Another thing we talked about was the election. This dinner occurred before Donald Trump was the President Elect. When asked about what advice they would give to our nominees one thing really stuck out to me. Ed stated that he suggests that our nominees should act like statesmen not politicians. He said he wanted to vote for someone who was going to do the right thing for our nation without worrying about being reelected. Such a big problem in politics today is that there are so many people behind the scenes pulling strings that the people who hold office aren’t the ones with the power. They are being told what to do and are too worried about being reelected rather than trying to get legislation passed. Trent also gave the advice that they should know what they are talking about before they speak. This led to a discussion about how neither candidate really knows what they are talking about. Hillary may be the better communicator but she still makes mistakes, and it’s obvious that Trump is blatantly wrong with some of the facts he gives. Again at this time we were still in the middle of the election. I just hope that Trump takes the advice everyone gave him.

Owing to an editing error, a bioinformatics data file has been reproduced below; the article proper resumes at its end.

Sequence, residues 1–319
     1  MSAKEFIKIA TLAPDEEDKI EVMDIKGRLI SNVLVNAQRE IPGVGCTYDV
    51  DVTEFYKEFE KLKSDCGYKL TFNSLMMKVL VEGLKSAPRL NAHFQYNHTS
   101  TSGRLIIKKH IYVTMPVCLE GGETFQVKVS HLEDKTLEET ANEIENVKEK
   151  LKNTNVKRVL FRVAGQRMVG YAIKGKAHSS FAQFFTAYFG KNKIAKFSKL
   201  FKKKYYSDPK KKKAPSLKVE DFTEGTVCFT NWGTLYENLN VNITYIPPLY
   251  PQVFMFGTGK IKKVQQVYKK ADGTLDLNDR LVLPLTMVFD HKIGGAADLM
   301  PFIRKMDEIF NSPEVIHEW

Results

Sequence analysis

Another thing we talked about was social issues. This was where I thought the conversation may go south, but actually this was my favorite part of the night. I anticipated an uncomfortable talk about abortion or gun rights or LGBTQ rights. Thankfully Becky began with saying animal cruelty hit home for her. She just couldn’t believe that people could be so cruel to animals and live with themselves. We all pretty much agreed with this strongly and our conversation was successfully veered away from the dangerous cliff we could have fallen over.